On 14 September 2016, the Grand Chamber of the European Court of Human Rights held a hearing in the case of Satamedia Oy v Finland. The judgment was reserved and is unlikely to be given for several months.
The applicant companies published a magazine which reported on taxation information, in particular on persons’ taxable income and assets. In 2003 one of the applicants started an SMS-service permitting people to obtain taxation information from a database. The database had been created using information already published in 2002 in the magazine on 1.2 million persons’ income and assets.
In February 2004 the Finnish Data Protection Ombudsman brought administrative proceedings concerning the manner and extent of the applicant companies’ processing of taxation data and in November 2009 the Data Protection Board forbade the applicant companies from processing taxation information to the extent that they had in 2002 and from passing such data to the SMS-service.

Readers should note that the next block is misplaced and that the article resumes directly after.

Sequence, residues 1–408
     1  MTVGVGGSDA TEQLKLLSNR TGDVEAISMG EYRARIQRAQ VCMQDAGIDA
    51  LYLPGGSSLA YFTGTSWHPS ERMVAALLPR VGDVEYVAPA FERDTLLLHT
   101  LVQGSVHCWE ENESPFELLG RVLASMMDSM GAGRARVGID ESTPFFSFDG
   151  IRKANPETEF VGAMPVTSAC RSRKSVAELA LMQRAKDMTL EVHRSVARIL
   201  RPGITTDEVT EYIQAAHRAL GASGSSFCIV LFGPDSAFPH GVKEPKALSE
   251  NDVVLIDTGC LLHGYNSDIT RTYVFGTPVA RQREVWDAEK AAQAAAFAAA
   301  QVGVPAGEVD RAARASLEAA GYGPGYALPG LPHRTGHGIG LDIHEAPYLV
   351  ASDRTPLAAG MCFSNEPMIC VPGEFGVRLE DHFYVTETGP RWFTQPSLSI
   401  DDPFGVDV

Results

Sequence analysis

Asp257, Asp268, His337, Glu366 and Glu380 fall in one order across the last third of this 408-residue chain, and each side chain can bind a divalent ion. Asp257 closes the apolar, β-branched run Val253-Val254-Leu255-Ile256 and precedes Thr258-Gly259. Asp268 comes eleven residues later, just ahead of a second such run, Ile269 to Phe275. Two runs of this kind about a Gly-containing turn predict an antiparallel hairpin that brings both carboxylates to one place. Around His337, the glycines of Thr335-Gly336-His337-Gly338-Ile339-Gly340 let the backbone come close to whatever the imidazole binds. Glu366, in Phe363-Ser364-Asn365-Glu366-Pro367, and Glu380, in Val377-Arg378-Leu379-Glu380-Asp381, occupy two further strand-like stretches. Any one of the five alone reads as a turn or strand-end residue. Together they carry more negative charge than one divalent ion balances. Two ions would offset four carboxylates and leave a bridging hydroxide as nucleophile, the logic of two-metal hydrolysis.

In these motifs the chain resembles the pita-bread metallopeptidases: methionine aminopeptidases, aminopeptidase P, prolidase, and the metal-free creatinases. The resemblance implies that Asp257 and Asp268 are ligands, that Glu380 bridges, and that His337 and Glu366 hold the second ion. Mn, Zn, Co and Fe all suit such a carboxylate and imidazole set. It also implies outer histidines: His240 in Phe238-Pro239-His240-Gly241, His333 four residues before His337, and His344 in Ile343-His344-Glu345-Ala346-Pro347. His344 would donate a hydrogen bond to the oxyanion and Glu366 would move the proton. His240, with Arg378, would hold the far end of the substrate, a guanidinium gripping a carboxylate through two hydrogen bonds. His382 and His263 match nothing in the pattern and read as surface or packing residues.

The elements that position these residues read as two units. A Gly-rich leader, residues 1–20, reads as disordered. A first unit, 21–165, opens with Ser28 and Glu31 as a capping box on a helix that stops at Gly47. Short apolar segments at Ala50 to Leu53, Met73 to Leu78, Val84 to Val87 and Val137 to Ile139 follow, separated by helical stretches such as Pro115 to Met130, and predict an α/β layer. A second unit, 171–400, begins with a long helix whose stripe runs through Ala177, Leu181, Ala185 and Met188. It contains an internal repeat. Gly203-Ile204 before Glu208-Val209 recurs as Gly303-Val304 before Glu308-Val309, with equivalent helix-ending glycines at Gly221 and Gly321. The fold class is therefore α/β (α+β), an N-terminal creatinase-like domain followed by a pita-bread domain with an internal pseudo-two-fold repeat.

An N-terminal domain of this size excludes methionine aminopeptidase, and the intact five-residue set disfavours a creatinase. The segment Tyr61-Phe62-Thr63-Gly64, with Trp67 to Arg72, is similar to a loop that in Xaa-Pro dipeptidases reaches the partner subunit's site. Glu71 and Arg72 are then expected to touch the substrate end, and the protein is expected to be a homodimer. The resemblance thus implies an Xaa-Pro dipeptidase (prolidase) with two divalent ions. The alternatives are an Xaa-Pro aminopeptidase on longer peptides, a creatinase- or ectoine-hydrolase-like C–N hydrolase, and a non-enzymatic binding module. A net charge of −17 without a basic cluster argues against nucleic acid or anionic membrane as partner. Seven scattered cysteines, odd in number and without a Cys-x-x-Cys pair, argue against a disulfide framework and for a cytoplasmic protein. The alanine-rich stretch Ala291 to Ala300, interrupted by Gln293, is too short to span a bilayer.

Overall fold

The case was the subject of a ruling by the CJEU on 16 December 2008 (). That Court decided that the applicants were processing personal data and whether or not this was journalistic activity was a matter for the national courts.
In June 2012, the Supreme Administrative Court in Finland found that the publication of the whole database could not be considered as journalistic activity but as processing of personal data, which the applicant companies had no right to do.
The applicants contended that the ban on publicationof the taxation data amounted to censorship in breach of Article 10.
By a judgment dated 21 July 2016 the Fourth Section held, by a majority of 6:1, that there was no violation of Article 10. This decision was controversial, taking a narrow view of the meaning of “journalistic activity” and a strict application of data protection law (see, for example, Dirk Voorhoof’s post on this blog).
There is a webcast of the hearing on the Court of Human Rights website.